So Númenor is clearly and important part of Tolkien's legendarium. It isn't exactly in Middle-earth, which generally refers to the lands East of the Sea, but it certainly isn't "The West," where Frodo is taken at the end of The Lord of the Rings, where normally only Elves can go. Instead, Númenor occupies a special halfway spot, the closest thing to paradise that Men can have on this earth. Most significantly, Men lose Númenor in a "second fall" of sorts, one which is mostly their own fault. Sauron eggs them on at the end and probably hastens their demise, but the Númenóreans really have no one to blame but themselves.

Obviously, if Númenor is so important, you would expect Tolkien to have written a lot about it--but he didn't; not really. Thus, "A Description of the Island of Númenor," despite its brevity (it's about 9 pages, counting footnotes), has a lot of interest to the Tolkien fan wanting to know more about this crucial, but enigmatic, race.

Unfortunately, the picture I composed for this "tale" isn't great. The lack of particular characters and the emphasis on geography made it a challenge to come up with a relatively simple scene and the final result is a bit lacklustre--mostly because I left the stud-wide strip of green at the bottom of the backdrop baseplate and didn't orient the backdrop at a 90 degree angle. This was also a fairly lazy build, since I simply imported the smithy from 6918 Blacksmith Attack.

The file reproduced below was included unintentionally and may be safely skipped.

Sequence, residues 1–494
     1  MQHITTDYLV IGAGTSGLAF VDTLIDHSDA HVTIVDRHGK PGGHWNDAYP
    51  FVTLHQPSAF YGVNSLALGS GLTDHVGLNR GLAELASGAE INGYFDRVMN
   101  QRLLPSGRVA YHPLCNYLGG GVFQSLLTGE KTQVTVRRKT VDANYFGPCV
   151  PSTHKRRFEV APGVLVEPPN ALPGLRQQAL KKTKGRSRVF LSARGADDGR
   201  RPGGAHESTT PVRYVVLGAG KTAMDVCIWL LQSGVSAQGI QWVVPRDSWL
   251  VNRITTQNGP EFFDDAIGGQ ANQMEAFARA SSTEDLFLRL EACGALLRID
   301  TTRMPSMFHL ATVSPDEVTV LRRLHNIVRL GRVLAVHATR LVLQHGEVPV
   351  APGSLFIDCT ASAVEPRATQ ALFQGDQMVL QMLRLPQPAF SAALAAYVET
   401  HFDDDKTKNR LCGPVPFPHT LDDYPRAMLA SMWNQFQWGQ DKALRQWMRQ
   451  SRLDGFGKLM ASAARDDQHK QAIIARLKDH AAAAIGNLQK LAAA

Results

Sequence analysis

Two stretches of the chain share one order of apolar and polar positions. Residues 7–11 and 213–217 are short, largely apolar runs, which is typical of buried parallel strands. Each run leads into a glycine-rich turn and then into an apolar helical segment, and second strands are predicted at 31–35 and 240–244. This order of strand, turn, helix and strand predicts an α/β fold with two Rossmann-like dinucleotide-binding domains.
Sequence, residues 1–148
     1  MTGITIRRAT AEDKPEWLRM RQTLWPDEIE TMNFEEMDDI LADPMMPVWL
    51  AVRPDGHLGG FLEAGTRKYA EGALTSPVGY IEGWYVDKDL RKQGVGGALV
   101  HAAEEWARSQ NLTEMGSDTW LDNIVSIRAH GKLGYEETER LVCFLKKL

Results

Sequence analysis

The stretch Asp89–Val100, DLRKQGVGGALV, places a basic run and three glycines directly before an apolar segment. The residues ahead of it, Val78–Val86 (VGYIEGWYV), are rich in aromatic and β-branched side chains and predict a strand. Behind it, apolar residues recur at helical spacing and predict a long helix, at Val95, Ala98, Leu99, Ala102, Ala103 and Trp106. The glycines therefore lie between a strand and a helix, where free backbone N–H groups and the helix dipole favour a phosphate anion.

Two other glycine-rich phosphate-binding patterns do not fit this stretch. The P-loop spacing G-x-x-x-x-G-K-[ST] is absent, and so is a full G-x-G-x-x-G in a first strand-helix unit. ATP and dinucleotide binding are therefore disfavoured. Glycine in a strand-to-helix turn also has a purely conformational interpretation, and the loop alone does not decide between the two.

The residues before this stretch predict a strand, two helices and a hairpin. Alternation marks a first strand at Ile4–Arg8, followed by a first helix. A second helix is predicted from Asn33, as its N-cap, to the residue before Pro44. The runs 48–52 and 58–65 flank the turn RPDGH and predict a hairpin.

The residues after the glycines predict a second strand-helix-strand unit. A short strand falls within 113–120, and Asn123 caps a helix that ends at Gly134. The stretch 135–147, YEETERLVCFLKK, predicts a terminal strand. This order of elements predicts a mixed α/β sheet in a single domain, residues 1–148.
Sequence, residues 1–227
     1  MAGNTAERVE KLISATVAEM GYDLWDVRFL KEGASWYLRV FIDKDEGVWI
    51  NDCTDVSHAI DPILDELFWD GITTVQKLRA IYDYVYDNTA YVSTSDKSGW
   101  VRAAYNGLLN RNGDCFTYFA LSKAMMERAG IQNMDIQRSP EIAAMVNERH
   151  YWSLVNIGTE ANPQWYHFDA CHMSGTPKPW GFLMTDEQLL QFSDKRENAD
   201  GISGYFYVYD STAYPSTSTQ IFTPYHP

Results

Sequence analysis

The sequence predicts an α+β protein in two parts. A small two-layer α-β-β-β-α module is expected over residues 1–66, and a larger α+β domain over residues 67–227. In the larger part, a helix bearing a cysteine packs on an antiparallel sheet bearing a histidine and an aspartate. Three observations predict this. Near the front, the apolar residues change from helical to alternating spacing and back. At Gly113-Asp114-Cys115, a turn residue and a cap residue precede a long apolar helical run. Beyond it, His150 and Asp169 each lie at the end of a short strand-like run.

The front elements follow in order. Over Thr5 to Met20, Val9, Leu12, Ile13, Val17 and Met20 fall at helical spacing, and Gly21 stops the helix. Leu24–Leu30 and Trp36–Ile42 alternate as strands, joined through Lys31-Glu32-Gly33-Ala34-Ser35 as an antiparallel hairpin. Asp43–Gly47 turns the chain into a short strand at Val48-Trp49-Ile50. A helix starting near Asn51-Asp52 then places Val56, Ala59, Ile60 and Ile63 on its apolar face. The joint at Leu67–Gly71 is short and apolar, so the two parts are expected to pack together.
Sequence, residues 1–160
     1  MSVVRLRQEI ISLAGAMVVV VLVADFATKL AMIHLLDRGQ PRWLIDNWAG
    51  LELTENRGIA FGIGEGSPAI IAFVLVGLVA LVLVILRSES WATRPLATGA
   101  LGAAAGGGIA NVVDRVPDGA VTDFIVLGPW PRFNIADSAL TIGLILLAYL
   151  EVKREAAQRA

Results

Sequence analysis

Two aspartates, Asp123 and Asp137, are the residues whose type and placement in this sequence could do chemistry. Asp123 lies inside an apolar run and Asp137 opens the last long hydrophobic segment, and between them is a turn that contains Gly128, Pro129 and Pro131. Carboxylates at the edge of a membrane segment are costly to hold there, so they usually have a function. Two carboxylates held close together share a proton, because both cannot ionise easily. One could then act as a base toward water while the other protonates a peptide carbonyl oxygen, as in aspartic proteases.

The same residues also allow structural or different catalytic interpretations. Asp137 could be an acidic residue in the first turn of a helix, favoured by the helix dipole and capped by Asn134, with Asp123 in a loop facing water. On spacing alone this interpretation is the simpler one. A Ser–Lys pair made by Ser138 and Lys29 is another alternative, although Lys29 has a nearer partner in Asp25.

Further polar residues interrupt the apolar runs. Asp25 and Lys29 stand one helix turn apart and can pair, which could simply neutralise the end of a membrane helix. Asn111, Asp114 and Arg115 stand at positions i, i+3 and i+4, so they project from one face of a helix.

Ignoring the deficiencies of my building, however, this scene draws on a few brief lines in the "tale" that mention the scarcity of swords in early Númenor. Before they began exploring back to Middle-earth, the Númenóreans had almost no use for swords. The ones that had were heirlooms from the First Age and their part in the war against Morgoth. The only swords that WERE being forged in Númenor were for the King's Heir on the day he took at that office. Thus we see a royal or high official with a more junior assistant at the smithy to inspect the smith's handiwork.